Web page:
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Bulletin Archive

This archived information is dated to the 2008-09 academic year only and may no longer be current.

For currently applicable policies and information, see the current Stanford Bulletin.

Graduate courses in Neurobiology

Primarily for graduate students; undergraduates may enroll with consent of instructor.

NBIO 201. Social and Ethical Issues in the Neurosciences

(Same as NBIO 101.) Influences on public debate and policy of scientific advances in the study of the brain and behavior: theories of brain function; philosophical and scientific approaches; advances in the neurosciences, possible uses in medical therapy, and interventions involving genetic screening, genetic selection, enhancement of neurological functioning, and manipulation of behavior; questions related to medical therapy, social policy, and broader considerations of human nature such as consciousness, free will, personal identity, and moral responsibility. May be taken for 2 units without a research paper. Prerequisite: Neuroscience, Biology, or Symbolic Systems major; or Human Biology core; or consent of instructor.

2-4 units, Spr (Hurlbut, W; Newsome, W)

NBIO 206. The Nervous System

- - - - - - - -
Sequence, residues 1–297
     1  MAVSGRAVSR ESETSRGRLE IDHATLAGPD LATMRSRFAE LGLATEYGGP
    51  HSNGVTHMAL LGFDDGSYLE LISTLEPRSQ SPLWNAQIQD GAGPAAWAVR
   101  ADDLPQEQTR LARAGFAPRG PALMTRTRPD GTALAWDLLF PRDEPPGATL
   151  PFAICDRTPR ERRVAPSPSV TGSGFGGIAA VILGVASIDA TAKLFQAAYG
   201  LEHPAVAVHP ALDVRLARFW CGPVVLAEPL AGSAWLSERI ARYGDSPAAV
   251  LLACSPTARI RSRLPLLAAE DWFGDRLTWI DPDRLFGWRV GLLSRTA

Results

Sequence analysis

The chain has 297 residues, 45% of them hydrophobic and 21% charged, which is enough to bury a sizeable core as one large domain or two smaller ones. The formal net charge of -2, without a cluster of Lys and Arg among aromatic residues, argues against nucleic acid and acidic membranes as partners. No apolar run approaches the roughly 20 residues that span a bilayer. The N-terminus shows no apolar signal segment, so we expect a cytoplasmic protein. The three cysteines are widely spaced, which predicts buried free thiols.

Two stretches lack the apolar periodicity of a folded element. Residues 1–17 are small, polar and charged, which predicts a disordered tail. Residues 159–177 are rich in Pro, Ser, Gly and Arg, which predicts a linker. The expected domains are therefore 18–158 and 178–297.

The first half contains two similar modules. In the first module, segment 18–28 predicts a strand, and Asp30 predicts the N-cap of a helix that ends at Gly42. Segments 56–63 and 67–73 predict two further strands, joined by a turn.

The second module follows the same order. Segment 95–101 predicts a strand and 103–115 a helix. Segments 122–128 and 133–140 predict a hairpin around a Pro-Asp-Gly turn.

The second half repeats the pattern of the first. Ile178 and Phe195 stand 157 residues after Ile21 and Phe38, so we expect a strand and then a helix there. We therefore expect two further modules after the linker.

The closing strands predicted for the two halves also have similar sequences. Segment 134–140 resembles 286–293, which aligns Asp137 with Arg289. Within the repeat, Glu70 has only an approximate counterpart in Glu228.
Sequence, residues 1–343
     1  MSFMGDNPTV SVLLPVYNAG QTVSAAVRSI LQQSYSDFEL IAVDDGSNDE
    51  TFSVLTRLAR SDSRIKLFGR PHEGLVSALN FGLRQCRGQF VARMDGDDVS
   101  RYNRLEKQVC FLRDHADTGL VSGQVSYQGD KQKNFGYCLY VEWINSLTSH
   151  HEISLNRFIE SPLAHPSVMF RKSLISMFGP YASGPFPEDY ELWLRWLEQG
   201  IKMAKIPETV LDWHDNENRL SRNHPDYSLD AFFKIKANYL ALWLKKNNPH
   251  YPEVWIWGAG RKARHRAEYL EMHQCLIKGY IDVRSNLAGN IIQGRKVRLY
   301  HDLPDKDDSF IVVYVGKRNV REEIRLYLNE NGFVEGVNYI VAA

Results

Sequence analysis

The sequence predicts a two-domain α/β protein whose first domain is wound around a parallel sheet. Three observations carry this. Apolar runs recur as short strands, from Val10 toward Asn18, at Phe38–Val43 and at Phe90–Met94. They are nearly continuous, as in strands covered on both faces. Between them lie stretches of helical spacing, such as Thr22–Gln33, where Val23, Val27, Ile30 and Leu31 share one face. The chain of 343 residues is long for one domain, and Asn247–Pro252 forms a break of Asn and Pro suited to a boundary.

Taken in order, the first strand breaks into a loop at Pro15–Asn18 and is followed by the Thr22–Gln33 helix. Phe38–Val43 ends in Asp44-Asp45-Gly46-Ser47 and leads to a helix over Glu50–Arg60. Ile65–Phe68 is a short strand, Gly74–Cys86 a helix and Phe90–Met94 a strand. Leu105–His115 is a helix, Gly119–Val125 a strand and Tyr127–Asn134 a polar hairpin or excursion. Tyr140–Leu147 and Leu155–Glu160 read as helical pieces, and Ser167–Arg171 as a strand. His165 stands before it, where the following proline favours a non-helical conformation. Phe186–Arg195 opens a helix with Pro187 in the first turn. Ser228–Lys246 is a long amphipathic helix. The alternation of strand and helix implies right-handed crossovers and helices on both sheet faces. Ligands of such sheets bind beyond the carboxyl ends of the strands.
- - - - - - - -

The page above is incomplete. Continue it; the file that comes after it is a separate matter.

Structure and function, including neuroanatomy, neurophysiology, and systems neurobiology. Topics include the properties of neurons and the mechanisms and organization underlying higher functions. Framework for general work in neurology, neuropathology, clinical medicine, and for more advanced work in neurobiology. Lecture and lab components must be taken together.

7-8 units, Win (Dolmetsch, R)

NBIO 216. Genetic Analysis of Behavior

(Same as MCP 216.) Advanced seminar. Findings and implications of behavioral genetics as applied to invertebrate and vertebrate model systems. Topics include biological clocks, and sensation and central pattern generators. Relevant genetic techniques and historical perspective. Student presentation.

4 units, Spr (Goodman, M)

NBIO 218. Neural Basis of Behavior

Advanced seminar. The principles of information processing in the nervous system and the relationship of functional properties of neural systems with perception, behavior, and learning. Original papers; student presentations. Prerequisite: 206 or consent of instructor.

4 units, alternate years, not given this year

NBIO 220. Central Mechanisms in Vision-based Cognition

Contemporary visual neuroscience, emphasizing the neural mechanisms underlying primate vision and visually guided behavior. Seven foundational topics in visual neuroscience; current papers concerning each topic. Student presentations. Computer-based demonstration exercises.

2-4 units, Spr (Newsome, W; Moore, T), alternate years, not given next year

NBIO 221. Frontiers in Translational Medicine

Small group course for first year MSTP and Master's in Medicine students only. Focus is on pathways for combining science and medicine during graduate and postdoctoral training and in one's career, and practical aspects of translational medicine. Guest lecturers are physician-scientists who have advanced the frontiers of translational medicine. Previous lecturers have included Drs. Gilbert Chu, Jamie Topper, Irv Weissman, Beverly Mitchell, Geoff Duyk, William Mobley, Judy Shizuru, and David Cox. Prerequisite: consent of instructor.

1 unit, Spr (Barres, B)